A preliminary planning document shared this month with city and community leaders says the group plans to review the DEC recommendations from the original Coalition report and “identify areas/measures that can be implemented voluntarily” by district and charter schools.

The group will also “develop recommendations to collaboratively advance DEC-like functions” including planning for how schools open and close, and looking for ways that schools could work together on enrollment, transportation, data, common standards and common learning/practices. 

If a new citywide commission comes together, it could take over some of the functions that had been done by the advocacy group Excellent Schools Detroit, which dissolved last week.   

Excellent Schools Detroit, which was founded in 2010 to help families find quality school options in the city, published an annual report card that graded schools. It also led a $700,000 effort to create a unified enrollment system that would allow parents to use a single application to apply to district and charter schools. The unified enrollment effort has been largely stalled amid political controversy but its future could be one of the subjects discussed as part of these new conversations. For now, the Excellent Schools Detroit’s functions have been passed on to other organizations. 

Whatever the group comes up with, it’s not likely to be something that would require support from Lansing.

In a memo to Coalition steering committee members earlier this year, Coalition co-chair Tonya Allen wrote that, this time around, the group is looking at things Detroiters can do without state lawmakers.

“Our intentions and energy will look to Detroit, not Lansing,” wrote Allen, the President and CEO of the Skillman Foundation (a Chalkbeat supporter). “Detroiters must develop a vision, a plan and execute it with fidelity if we are to improve education practices in our city.”

“The initial work of the Coalition was …triage,” Allen wrote. “Our efforts were focused on keeping the district alive.”

Now, she wrote, “our next body of work must be focused on transition …. This phase is about setting an education vision for our city and mobilizing ‘doers’ to begin to implement strategies locally.”

The Coalition last year got many of the things it fought for including the new district and the return to power of a locally elected school board after years of control by state-appointed emergency managers.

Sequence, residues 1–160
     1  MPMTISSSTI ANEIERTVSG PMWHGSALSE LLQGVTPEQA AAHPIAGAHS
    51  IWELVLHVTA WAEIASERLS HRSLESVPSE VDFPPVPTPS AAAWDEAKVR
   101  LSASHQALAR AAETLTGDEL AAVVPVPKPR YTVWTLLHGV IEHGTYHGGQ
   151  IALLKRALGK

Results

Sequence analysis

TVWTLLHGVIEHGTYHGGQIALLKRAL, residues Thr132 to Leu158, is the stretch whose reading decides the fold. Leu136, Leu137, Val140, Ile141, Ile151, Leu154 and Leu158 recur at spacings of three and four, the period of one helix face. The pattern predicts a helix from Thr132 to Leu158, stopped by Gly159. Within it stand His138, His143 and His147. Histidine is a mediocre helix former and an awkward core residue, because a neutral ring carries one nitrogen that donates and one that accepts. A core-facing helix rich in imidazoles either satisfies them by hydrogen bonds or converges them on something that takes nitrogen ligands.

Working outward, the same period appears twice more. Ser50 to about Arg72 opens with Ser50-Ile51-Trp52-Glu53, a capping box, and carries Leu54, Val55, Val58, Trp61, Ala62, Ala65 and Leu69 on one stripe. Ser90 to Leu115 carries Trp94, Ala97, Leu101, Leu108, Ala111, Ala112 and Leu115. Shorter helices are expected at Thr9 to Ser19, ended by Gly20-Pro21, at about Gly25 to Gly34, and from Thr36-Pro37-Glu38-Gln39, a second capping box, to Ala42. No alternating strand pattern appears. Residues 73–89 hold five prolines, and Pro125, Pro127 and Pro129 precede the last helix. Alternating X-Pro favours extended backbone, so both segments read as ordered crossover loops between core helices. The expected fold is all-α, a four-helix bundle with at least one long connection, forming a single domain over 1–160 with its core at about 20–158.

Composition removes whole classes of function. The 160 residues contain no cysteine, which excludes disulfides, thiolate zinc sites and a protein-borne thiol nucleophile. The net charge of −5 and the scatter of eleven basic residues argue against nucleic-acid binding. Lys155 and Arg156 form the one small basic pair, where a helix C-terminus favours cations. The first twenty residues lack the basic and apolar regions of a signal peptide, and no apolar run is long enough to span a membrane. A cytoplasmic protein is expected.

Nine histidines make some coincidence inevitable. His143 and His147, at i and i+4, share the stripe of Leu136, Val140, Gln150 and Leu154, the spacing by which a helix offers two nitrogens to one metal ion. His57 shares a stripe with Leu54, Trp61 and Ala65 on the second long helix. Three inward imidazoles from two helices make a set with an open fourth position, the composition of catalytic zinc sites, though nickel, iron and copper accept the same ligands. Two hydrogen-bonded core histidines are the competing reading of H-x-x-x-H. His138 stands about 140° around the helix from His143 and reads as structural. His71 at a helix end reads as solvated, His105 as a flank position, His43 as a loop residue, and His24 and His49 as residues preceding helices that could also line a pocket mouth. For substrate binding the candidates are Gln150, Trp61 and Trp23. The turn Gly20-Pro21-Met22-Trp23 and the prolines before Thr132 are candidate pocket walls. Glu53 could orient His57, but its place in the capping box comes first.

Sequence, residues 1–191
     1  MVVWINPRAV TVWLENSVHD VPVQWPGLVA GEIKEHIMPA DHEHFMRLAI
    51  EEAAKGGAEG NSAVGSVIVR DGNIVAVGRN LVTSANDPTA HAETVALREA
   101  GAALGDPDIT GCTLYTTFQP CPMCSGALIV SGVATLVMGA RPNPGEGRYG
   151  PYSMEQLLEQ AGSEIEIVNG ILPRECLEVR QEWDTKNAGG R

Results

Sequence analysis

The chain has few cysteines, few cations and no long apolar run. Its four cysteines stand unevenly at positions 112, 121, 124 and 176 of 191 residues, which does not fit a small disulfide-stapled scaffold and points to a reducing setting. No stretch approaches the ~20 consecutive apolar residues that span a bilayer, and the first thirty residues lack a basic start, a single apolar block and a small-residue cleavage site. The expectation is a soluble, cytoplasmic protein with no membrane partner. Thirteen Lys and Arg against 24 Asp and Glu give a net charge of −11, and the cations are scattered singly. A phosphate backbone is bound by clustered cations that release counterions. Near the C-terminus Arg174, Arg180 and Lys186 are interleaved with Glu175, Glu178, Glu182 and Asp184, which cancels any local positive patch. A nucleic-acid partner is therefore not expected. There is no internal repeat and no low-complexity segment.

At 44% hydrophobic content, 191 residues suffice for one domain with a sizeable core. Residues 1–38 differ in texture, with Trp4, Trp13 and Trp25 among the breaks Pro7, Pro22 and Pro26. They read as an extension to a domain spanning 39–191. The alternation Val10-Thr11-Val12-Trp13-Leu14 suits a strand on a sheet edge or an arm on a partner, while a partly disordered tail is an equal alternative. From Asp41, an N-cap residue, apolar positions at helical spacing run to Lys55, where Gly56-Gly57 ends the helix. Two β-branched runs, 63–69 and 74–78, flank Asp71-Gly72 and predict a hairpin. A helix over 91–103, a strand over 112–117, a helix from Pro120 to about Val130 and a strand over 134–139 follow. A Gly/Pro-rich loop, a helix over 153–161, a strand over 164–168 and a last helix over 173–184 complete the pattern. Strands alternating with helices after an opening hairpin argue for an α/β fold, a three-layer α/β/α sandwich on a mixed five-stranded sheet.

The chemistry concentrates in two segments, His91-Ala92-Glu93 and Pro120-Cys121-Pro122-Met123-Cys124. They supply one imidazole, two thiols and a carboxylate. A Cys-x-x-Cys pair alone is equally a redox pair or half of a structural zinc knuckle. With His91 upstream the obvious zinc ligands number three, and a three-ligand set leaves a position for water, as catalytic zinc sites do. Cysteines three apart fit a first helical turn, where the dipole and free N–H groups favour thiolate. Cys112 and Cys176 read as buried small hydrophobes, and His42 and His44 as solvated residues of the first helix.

This year’s effort has an ambitious timeline. Organizers hope to have a list of final recommendations by early August with an eye toward publishing them in the fall. 

 

Struggling Detroit schools

The story of Detroit’s schools is much more nuanced than many people realize. Here’s how we can cover it together.

PHOTO: Erin Einhorn
Rynell Sturkey, a first-grade teacher at Paul Robeson Malcolm X Academy on Detroit's west side often manages jam-packed classrooms of 37 kids or more. Her students have no music or art or gym. “They’re with me all day in this room. We’re tired,” she said.

Ever since my husband and I announced to friends and family three years ago that we’d made the somewhat-impulsive decision to sell our apartment in Brooklyn and move with our two small children to downtown Detroit, we’ve been confronted with the same persistent questions:

Erin Einhorn
Erin Einhorn

“You live in Detroit” we’re asked, with a tone of skepticism and, frankly, judgement. “And you have kids?”

The questions are rooted in the perception that the schools in Detroit are so awful that no decent parent with other options would reasonably choose to live in this city. It’s a perception I know is grounded in some deeply concerning conditions in Detroit schools, including many of the issues I’ve covered as a reporter for Chalkbeat. I’ve written about the Detroit teachers and families who alleged in a federal lawsuit last year that the conditions in Detroit schools are so deplorable that they violate children’s right to literacy. I’ve spent time in classrooms where a teaching shortage has meant 37 first-graders packed together all day without a break for music, art or gym. And I’ve seen the heartbreak on the faces of students and parents who’ve learned that the charter school they’d chosen would be closing, leaving them to scramble for another school in a city where choice is abundant, but quality is rare.  

I appreciate the concern from friends and family who are worried about my children, but the truth is that my kids are going to be completely fine. My husband and I have a car and accommodating jobs that enable us to enroll our kids in any school in any neighborhood  — options that poor transportation and the uneven distribution of schools have put out of reach for far too many kids. And, as it happens, we found a great public school right in our own neighborhood where our oldest child now walks every day to kindergarten.

The truth is that the story of Detroit’s school is much more nuanced than most people realize. There are serious challenges — no doubt about that — but we’re not going to be able to address them until we stop asking each other what we’re going to do about educating our own children. We need to start asking what we can do to make sure that families in every neighborhood have a shot at a decent education. That’s what we try to do at Chalkbeat. We aim to tell the stories of teachers and students and parents, to put a human face on challenges that would otherwise be difficult to understand. We look at what’s working in our schools and what urgently needs to change.

This school year marks the first full year that Detroit’s main school district will be led by a new school board and superintendent. And it will be Chalkbeat’s first full school year since we formally launched in Detroit last winter. We hope to grow this year, adding another reporter to help us expand our coverage of early childhood education, special education and other matters crucial to the city’s future. And we’ll continue to cover the important issues affecting Detroit children and the way they learn.

We can’t tell these stories without you. So please — reach out! Introduce yourself, join our community by submitting a story tip, giving us feedback or making a financial contribution. Contact us at [email protected], follow us on Facebook and at @ChalkbeatDET. And, please, keep reading!

 

Struggling Detroit schools

Scores of Detroit schools are empty eyesores. Here’s why it’s so hard to bring them back to life.

PHOTO: Anna Clark